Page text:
188.8.131.52 The Vertical Term in Elevated Simple Terrain.
The ISC models make the following assumption about plume behavior in elevated simple terrain (i.e., terrain that exceeds the stack base elevation but is below the release height):
·The plume axis remains at the plume stabilization height above mean sea level as it passes over elevated or depressed terrain.
·The mixing height is terrain following
·The wind speed is a function of height above the surface (see Equation (1‑6)).
Thus, a modified plume stabilization height he´ is substituted for the effective stack height he in the Vertical Term given by Equation (1‑50). For example, the effective plume stabilization height at the point x, y is given by:
= height above mean sea level of the base of the stack (m)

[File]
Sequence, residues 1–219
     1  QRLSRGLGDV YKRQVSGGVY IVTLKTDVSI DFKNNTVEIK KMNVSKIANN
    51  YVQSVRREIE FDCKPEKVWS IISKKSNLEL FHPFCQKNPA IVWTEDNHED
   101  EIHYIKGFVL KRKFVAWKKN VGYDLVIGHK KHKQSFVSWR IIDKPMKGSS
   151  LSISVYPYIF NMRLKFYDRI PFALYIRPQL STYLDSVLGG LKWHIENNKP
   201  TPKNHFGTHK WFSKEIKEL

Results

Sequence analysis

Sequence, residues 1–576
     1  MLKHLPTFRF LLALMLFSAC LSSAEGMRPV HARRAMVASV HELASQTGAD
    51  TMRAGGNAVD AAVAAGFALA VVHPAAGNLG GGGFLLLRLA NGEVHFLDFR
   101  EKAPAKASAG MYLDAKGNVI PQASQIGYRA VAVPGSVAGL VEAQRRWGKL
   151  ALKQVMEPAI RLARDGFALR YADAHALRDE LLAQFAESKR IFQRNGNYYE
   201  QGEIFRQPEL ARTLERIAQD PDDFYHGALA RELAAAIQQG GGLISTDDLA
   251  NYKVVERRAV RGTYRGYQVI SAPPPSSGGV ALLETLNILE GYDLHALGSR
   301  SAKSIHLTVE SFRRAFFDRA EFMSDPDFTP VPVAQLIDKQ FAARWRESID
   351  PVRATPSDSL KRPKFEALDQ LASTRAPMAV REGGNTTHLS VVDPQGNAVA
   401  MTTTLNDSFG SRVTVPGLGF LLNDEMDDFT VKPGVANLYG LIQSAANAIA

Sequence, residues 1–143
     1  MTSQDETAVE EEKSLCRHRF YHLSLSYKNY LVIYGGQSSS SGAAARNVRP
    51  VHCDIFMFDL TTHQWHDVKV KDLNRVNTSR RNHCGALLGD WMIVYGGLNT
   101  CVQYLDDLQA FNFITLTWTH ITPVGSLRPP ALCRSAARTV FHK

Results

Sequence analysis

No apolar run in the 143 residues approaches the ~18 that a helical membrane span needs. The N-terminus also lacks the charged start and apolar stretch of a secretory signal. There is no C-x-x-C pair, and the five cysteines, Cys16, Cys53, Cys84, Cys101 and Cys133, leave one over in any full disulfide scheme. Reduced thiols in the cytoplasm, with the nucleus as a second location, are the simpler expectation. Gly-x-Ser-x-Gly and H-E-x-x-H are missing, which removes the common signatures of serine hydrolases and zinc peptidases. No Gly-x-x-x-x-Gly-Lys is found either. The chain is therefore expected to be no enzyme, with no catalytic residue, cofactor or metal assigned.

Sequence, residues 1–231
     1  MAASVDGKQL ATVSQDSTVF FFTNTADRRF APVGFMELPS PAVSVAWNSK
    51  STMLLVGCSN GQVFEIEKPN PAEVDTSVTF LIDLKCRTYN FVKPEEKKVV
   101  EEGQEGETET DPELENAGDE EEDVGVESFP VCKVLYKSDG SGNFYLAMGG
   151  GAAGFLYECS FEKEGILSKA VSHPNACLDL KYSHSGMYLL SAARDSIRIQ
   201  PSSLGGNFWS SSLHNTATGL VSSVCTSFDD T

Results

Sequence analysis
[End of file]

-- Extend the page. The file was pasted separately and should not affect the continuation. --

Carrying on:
= height above mean sea level of terrain at the receptor location (x,y) (m)
It should also be noted that, as recommended by EPA, the ISC models "truncate" terrain at stack height as follows: if the terrain height z - zs exceeds the source release height, hs, the elevation of the receptor is automatically "chopped off" at the physical release height. The user is cautioned that concentrations at these complex terrain receptors are subject to considerable uncertainty. Figure 1‑5 illustrates the terrain‑adjustment procedures used by the ISC models for simple elevated terrain. The vertical term used with the complex terrain algorithms in ISC is described in Section 1.5.6.
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